Already, IJP leader and incumbent Lok Sabha member T R Parivendhar, who won the Perambalur seat under the DMK symbol, and New Justice Party leader A C Shanmugam -- he lost the Vellore seat on the AIADMK symbol in 2019 -- are in line for contesting the 2024 elections under the BJP symbol.
Will the BJP be able to wriggle out 10-15 seats as the leadership aspires out of the EPS leadership, to project them all as 'BJP seats' to the rest of the country even while fielding allies under the party's 'Lotus' symbol?
If so, can it get the OPS faction to contest under the Lotus symbol, likewise -- and also have the EPS faction work for them at the grass-roots?
The problem for the EPS-AIADMK is two-fold and more. Together especially, the OPS-Sasikala-TTV trio can project their sidelining from party affairs as an insult to their 'caste pride' (though may not be said so publicly).
All three belong to the militant Mukkulathore community dominating the south and south-central regions, and were at their peak during Jaya's time, especially.
If Sasikala had chosen EPS after dislodging OPS as CM post-Jaya, especially after then acting governor Ch Vidyasagar Rao refused to swear her in pending the Supreme Court ruling in the 'Jaya wealth case', it owed to the fact that he came from the Vellalar Gounder community in the western region, whose loyalty to the party was no less than that of her own.
However, even while anticipating an unfavourable verdict, she did not expect EPS to become as ambitious as and even more cunning than she was ready to credit him with.
It was the first time that anyone from the community had become the state chief minister, post-Independence, and they were not ones to let the opportunity pass by.
They are both businessmen and landowners across the western region, centred around Coimbatore, which is often called the 'commercial capital' and region of Tamil Nadu.
If the AIADMK may stand to lose if the OPS-led votes are not in its bag, the BJP would be a greater loser, as the traditional strongholds of both coincide and lie in the south.
But there is a catch for the EPS leadership, too. Party cadres are convinced that identifying and partnering with the BJP was the cause for the AIADMK's massive electoral losses in 2019 and 2021.
AIADMK strategists fear that despite visible signs of mushrooming anti-incumbency, the DMK-led alliance may slip through the victory gate in 2024 if they did not address the larger issue of the BJP's Hindutva image.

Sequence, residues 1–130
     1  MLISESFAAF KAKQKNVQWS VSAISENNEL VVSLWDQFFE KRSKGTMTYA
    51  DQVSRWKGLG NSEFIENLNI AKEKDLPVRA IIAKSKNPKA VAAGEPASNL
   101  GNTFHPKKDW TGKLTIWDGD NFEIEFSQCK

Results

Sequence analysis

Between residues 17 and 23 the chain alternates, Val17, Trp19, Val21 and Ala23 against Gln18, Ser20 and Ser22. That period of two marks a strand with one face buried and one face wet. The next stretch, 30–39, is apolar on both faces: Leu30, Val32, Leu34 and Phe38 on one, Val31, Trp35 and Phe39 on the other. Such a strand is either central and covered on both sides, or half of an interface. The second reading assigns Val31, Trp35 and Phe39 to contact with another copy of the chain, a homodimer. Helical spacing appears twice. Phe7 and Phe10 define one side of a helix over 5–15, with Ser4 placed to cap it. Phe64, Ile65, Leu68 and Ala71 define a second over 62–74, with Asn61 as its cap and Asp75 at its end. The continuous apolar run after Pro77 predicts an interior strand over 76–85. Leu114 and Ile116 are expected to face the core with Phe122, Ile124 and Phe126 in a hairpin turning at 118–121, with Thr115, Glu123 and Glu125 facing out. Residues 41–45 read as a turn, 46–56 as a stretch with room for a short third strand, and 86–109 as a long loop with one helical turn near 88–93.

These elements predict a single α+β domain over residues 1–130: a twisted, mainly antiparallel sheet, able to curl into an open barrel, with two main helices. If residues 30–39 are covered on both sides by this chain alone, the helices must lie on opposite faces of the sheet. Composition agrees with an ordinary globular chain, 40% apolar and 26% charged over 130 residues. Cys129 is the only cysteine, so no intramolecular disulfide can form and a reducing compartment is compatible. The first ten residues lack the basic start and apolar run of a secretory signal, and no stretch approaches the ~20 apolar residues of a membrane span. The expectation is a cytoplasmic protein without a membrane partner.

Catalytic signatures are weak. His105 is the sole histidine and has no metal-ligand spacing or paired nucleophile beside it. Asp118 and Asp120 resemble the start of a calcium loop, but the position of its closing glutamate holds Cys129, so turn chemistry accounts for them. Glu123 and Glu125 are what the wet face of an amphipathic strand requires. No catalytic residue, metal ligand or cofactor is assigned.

They say that none of Narendra Modi's pro-Tamil image-building has worked on the ground, and cite his installing the Sengol in the new Parliament Complex as only the latest of them -- preceded by the Varanasi and Saurashtra Sangamam festivities, and also the PM quoting Tamil poets in international fora like the UN General Assembly.
According to them, going beyond the traditional BJP supporters and sympathisers, the ordinary Tamil voter is not convinced about the sincerity and seriousness with which the BJP is promoting the Tamil cause.
As they point out, the language issue in Tamil Nadu is two-fold, one promoting Tamil and the other, opposing 'Hindi imposition'.
Seemingly promoting Tamil even while taking great pains to impose Hindi, as seen by the locals, won't work here, they say.
Even without it all, there is a 12 to 15 per cent minority vote bank comprising Muslims and Christians, that will go wholesale to the DMK-Congress alliance, as happened in 2019.
By challenging the BJP with her 'Modi-ya, indha lady-ya?' campaign in 2014, Jaya as CM could break this nexus.
The ruling AIADMK swept the polls with 37 of 39 lOK sABHA seats, with the BJP-NDA bagging two. The DMK drew a huge blank.
This section of the AIADMK feels that it would do the anti-DMK, anti-Congress parties and groups to let their party and the BJP contest on their own, and make post-poll adjustments, as may be required for the medium and long terms.
On most occasions in the past, the BJP too had won its seats mostly in a three-cornered contest, as in southern-most Kanyakumari, and not in a direct fight, they argue.
If this is the strategy that needs to be followed -- and not many in the state BJP especially agree -- then, the national party leadership has to work on the scheme, depending on what it aims to achieve.
The BJP will have to choose between its purported ambitions to 'send at least 25 MPs to back Modi', as Amit A Shah had said in Tamil Nadu not very long ago, and subsuming its electoral ambitions in the Dravidian state, if only to stop the DMK-Congress alliance on the track, even if in a limited way.
For the AIADMK, elections 2024 would mean a lot more.
With the assembly polls only two years away, in 2026, any demoralising defeat in 2024 would challenge not only the party's continued relevance, but also EPS's leadership.
Though no challenger seems to be anywhere on the horizon and within the current fold, there is no knowing what would await a drubbing in the Lok Sabha polls, which at least the AIADMK cadres fear is bound to happen if they are in the BJP's company -- whatever be Modi's acceptance level elsewhere across the country.
N Sathiya Moorthy, veteran journalist and author, is a Chennai-based policy analyst and political commentator.
Feature Presentation: Aslam Hunani/Rediff.com